You usually pay 2 types of fees for your website 1. Hosting fee (usually monthly ) 2. Domain Name Service (DNS) fee. For a personal website, a monthly hosting fee of $6-10 is reasonable in 2012 dollars (inflate it to current year). You can pay the DNS fee in case your personal site becomes insanely popular and, you came to know the name is owned by someone else! The hosting company would register your site. You do not need DNS for search engines such as Google or Yahoo to pick your site. The SiteGround (https://ua.siteground.com/) that hosted this site cost me only $92 for two years in 2012. May be, they were trying to pick up GoDaddy business. In 2020, I paid $155 for SiteGround for one year. SiteGround is not as economical as it used to be, unfortunately.

The rest is up to you. Once you install Joomla CMS in the C-Panel, then, it uploads a default site that is customizable. It is a boring template, you can also download fancy templates (most of them charge a fee) and start customizing them. Joomla has a very broad and extensive support group and a responsive community in case you get into trouble. The CMS is arranged with 7 menus, however, what I used most were menus, content, components, modules and extensions. The system (admin panel) has all the controls of your site. Should not get confused with this admin panel and C-Panel. The C-Panel is in the hosting site. If you want to upgrade the site, databases, add features, update PhP etc, you need to use the C-Panel. You could access the PhP of the index file and sub-menus if you want to play with them. And its result is pretty quick. Always, save a copy of the original PhP in case you screw up and want to get back. If you screw up your index file, and don't know how to restore it, you are in trouble, and you need to bring the back-up copy. The index file in a site is like the foundation of a house.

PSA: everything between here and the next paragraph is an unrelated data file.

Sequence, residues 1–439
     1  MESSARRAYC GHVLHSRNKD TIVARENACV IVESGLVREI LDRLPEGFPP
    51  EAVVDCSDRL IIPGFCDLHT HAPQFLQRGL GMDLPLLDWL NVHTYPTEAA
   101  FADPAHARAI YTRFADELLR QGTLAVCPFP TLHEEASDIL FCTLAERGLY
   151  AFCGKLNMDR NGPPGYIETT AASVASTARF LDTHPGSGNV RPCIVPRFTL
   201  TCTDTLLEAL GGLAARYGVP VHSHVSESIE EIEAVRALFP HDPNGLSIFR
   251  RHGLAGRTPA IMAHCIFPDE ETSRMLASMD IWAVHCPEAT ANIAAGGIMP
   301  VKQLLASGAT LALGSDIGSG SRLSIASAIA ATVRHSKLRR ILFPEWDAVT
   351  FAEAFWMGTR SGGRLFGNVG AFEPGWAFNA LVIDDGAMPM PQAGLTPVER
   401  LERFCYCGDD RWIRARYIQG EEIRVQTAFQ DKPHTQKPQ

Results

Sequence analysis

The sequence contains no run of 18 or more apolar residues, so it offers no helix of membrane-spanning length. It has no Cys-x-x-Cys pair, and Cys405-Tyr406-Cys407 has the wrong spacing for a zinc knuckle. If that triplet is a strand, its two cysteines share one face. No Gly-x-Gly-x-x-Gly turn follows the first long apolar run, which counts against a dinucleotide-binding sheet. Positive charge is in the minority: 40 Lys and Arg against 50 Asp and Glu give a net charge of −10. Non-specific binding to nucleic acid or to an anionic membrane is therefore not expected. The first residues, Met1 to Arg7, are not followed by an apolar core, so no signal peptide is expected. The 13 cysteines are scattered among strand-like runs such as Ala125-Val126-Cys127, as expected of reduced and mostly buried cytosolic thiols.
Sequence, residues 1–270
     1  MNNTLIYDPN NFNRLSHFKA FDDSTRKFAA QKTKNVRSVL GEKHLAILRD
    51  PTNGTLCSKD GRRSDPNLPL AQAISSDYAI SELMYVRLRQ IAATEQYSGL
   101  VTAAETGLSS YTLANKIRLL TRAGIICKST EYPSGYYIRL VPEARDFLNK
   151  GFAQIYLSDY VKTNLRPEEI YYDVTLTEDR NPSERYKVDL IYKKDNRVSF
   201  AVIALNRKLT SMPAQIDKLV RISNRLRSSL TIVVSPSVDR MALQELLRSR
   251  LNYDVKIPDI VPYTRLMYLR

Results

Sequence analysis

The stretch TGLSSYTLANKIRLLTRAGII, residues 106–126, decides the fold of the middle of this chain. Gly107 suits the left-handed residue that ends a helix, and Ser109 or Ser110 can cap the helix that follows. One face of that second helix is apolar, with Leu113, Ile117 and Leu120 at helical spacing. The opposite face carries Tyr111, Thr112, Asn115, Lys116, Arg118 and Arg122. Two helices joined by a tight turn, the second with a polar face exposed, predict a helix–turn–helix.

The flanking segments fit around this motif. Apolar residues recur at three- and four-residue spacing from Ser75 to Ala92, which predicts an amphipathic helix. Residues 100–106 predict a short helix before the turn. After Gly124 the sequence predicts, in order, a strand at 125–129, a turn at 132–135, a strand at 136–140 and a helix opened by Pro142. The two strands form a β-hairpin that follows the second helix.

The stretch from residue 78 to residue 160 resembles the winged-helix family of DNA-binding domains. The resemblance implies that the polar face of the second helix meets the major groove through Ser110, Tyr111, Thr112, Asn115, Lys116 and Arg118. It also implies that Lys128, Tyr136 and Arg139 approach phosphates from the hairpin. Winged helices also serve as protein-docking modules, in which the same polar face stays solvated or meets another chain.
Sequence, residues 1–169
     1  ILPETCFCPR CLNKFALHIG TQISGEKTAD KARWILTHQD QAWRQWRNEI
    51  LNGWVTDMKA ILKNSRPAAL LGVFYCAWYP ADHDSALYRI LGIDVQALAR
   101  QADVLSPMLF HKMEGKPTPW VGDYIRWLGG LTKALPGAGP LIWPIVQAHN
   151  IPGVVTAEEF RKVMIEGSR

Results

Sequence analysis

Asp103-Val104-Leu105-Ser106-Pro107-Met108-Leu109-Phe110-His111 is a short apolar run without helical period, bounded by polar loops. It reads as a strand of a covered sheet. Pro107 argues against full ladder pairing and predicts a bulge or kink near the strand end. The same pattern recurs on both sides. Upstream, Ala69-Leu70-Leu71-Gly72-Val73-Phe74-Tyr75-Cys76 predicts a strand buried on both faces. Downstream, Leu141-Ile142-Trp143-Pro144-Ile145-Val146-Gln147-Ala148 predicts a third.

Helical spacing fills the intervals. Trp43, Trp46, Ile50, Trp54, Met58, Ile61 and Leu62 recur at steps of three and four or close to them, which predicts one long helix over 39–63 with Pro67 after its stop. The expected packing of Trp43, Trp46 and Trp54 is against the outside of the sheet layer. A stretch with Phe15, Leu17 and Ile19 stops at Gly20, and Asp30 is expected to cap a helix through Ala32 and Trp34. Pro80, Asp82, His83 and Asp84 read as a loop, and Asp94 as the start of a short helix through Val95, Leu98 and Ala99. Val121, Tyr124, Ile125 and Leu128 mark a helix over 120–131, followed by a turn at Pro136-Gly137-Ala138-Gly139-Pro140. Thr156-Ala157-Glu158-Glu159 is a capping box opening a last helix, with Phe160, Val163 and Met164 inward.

Due to security vulnerabilities and other upgrades, the backbone programing a website is built upon, such as PhP, JavaScript will prompt for upgrades. When you have multiple applications and extensions on the site, such as login, calendar, social network, news feeds make sure each module is compatible with the newest version. You can switch back to the older version using the C-Panel, however, certain errors may persist which can be fixed. It is recommended to upgrade to the latest version of Joomla or WordPress that ensures all the security loopholes are closed, but it is not always a must as long as your site does not have major issue. Be sure to back-up your site before any PhP upgrade, and make sure that your hosting server allows you to switch to the previous version of PhP if something screwed up. Websites may not be compatible with the most up-to-date version of PhP, and making manual corrections to the index or site file can consume time.

The number of free templates available online is declining in a rapid speed. Almost all templates say "free," but it is after a paid subscription. Try using a different search engine like Bing or Yahoo than Google to locate a free template. They are still available. I found mine at Joomla Spirit which is pretty good. Then, it is a matter of editing the template based on your needs and wants.